KN: How would you say your background in the music industry influences or informs your books (or does it)?
BB: I spent a number of years as a professional guitarist/singer/songwriter before realizing that I was probably better off in the “business” end of music. I am now a partner in a firm that manages performers, which is an absolute blast. It keeps me active in the studio, as well as on the road, and keeps my ears tuned to new artists. The similarities (or at least, the useful tools) between writing and music are numerous in my opinion. For instance, a good album (I’m dating myself here with that word) and a good book share similar qualities: The rhythm, melody, and lyrics must act together to create a workable whole. You can have a wonderful melody with clunky lyrics and the song is spoiled. The reverse is also true. And the largest component is that elusive “tone” element, that the body of a book’s narrative must use language (vocabulary) that is suitable and consistent with the story and setting. Words matter. They always have. It’s what I love about the truly great writers – of both music and books.
KN: What do you hope readers will gain from reading your books?
BB: An entertaining time spent with characters that you genuinely care about. And with any luck, a book that reads like a favorite album: where the words, music and instrumentation all pull together to create that whole that is better than the sum of its parts.
KN: What’s next?
BB: The next book is the fourth installment of the hardboiled Mike Travis series (set in Hawaii, as usual). As I mentioned before, this one will feature Snyder rather prominently, as well. The one after that will be another stand-alone.
KN: How has Killer Nashville helped you? (You knew that one was coming!)
BB: Participating in Killer Nashville, and – more specifically – having the honor of being a Killer Nashville Claymore Award finalist led me to my current publisher, Permanent Press. Without KN and without the Claymore Award, I sincerely don’t know if that would have happened. In my opinion, Killer Nashville is one of the best – if not The Best – Writers’ Conference in the country for aspiring writers. Readers, too, obviously. Great programs, terrific people, and a wonderful city!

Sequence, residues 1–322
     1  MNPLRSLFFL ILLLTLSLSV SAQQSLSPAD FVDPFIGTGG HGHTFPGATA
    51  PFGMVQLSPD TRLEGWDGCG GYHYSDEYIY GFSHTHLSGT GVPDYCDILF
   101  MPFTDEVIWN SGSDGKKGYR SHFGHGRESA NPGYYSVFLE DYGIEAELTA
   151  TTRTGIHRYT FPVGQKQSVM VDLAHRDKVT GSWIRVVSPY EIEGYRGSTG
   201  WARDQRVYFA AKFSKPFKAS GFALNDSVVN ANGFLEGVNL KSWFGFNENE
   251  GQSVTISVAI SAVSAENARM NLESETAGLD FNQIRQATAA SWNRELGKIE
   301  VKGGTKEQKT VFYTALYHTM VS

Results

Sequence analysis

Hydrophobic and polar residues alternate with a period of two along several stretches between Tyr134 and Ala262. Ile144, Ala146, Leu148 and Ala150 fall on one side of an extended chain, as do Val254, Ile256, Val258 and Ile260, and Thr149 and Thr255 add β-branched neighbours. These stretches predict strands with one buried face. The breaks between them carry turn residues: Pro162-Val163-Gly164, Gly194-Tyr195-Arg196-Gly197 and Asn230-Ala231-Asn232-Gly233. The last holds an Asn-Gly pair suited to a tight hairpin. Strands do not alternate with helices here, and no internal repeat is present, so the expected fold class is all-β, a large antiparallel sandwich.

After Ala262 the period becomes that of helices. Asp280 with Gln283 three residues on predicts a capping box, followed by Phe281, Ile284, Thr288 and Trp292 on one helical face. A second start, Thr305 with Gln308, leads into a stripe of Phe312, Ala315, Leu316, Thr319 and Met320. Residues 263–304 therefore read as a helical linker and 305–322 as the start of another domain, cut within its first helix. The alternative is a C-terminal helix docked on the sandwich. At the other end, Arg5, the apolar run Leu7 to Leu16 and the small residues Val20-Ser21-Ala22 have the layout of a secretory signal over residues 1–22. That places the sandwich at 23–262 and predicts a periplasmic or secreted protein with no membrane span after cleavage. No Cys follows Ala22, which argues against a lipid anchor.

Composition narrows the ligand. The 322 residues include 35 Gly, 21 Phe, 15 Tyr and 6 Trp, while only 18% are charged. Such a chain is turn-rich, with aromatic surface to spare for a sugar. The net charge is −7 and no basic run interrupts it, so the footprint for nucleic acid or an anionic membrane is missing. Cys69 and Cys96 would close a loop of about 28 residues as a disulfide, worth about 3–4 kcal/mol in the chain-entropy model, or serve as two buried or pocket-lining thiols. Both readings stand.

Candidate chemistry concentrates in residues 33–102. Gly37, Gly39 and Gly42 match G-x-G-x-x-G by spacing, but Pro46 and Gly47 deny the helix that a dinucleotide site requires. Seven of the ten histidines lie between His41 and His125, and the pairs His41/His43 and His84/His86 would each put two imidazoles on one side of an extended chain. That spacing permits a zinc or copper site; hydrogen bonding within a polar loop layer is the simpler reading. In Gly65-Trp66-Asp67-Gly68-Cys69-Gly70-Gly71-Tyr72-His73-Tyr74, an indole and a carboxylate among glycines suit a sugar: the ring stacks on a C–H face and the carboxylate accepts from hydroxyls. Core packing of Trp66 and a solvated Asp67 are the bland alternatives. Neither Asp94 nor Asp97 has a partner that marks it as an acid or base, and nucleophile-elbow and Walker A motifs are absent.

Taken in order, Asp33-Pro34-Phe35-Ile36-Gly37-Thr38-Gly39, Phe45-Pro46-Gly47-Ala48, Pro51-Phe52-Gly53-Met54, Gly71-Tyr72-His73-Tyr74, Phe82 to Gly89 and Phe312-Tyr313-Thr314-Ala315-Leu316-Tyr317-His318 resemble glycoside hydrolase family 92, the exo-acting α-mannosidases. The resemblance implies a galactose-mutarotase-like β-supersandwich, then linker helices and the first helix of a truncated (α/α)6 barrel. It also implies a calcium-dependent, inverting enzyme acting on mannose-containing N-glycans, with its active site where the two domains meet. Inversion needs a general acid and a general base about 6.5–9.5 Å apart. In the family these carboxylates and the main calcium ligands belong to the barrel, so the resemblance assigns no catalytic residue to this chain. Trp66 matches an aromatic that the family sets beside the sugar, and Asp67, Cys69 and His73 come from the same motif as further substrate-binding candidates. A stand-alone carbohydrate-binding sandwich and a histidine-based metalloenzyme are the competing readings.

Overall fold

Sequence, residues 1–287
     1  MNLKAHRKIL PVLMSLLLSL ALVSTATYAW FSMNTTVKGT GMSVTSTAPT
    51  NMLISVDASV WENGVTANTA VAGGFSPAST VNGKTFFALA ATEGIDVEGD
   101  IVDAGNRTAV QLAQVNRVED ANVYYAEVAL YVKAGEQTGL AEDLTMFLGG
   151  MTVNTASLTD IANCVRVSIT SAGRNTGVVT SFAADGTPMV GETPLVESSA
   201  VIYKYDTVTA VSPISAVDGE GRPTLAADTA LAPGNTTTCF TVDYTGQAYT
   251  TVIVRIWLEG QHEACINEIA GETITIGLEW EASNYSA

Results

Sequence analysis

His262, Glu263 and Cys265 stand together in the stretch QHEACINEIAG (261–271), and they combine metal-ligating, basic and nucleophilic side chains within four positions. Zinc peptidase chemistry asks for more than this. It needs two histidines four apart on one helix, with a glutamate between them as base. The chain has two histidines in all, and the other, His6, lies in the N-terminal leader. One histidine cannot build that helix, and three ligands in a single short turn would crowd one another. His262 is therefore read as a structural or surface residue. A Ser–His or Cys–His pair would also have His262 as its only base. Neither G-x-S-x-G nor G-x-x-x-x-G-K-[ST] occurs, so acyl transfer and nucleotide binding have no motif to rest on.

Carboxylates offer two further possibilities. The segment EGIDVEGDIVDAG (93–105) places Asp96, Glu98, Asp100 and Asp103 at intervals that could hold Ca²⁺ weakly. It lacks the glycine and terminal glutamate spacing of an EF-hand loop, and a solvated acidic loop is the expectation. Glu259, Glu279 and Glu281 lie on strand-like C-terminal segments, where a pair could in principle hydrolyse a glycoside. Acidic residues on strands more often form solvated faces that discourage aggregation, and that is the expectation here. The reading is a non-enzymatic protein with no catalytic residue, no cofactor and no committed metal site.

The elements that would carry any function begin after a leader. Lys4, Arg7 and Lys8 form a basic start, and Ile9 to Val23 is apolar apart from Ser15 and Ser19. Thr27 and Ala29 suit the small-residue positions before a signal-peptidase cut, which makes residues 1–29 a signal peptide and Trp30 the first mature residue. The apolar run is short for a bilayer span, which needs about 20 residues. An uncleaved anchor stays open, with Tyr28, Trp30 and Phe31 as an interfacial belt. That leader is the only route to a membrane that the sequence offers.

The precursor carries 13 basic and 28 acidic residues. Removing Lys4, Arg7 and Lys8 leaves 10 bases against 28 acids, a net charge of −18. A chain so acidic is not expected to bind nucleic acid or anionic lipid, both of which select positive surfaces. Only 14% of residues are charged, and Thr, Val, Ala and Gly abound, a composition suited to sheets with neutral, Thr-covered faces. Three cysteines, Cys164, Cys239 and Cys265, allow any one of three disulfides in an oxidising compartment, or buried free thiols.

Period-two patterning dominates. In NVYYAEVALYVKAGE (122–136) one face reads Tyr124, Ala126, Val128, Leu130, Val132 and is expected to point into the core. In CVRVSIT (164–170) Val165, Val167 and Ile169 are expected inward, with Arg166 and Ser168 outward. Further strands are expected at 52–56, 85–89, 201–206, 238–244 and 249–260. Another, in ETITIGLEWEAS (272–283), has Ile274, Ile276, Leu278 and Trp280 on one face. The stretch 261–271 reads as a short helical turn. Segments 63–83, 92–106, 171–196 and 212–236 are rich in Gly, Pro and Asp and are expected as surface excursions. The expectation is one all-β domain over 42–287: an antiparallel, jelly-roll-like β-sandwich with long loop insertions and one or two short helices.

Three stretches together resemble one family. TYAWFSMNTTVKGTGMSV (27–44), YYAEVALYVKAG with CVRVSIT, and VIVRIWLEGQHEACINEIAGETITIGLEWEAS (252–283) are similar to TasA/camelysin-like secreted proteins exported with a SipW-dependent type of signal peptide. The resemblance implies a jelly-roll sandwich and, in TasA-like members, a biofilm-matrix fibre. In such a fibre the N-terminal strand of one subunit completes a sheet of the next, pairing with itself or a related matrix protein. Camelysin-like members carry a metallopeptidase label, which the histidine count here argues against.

KN: Any advice for aspiring authors?
BB: A couple of things:
- Finish the thing. Sit your a** down and write it. No excuses. Start it, then finish it.
- Write like there’s nobody looking. Write the way that comes from your heart. Write the way you sing when you’re in the shower; or the way that you dance when you’re all by yourself.
- Don’t worry about “genre” or “the reader” or “marketability.” That stuff will sort itself out if the writing is sincere and the story is solid.
- Oh, yeah, one more thing: Read your dialogue out loud. What looks good on the page sometimes sounds pretty lame when it’s spoken aloud.
KN: Is there anything you’d like to discuss that I haven’t covered? If so, now’s your chance!
BB: I can be reached at www.BaronRBirtcher.com. Can’t think of anything else. Thank you for allowing me the privilege of rambling on…
Baron R. Birtcher’s first two hardboiled mystery novels, Roadhouse Blues and Ruby Tuesday were Los Angeles Times and IMBA Best-Sellers. His third, Angels Fall, was nominated for the 2009 Left Coast Crime award (the “Lefty”) for Best Law Enforcement/ Police Procedural novel of the year. His latest, and first stand-alone, Rain Dogs, has received a starred review in Publisher’s Weekly, and was a finalist for the Killer Nashville Claymore Award. Baron has had the privilege of serving as a judge for the Edgar Awards, as well as the Shamus and Claymore Awards (though not in the same year in which he competed). He currently resides in Kona, Hawaii and Portland, Oregon with his wife, Christina. He can be reached on the web at www.BaronRBirtcher.com.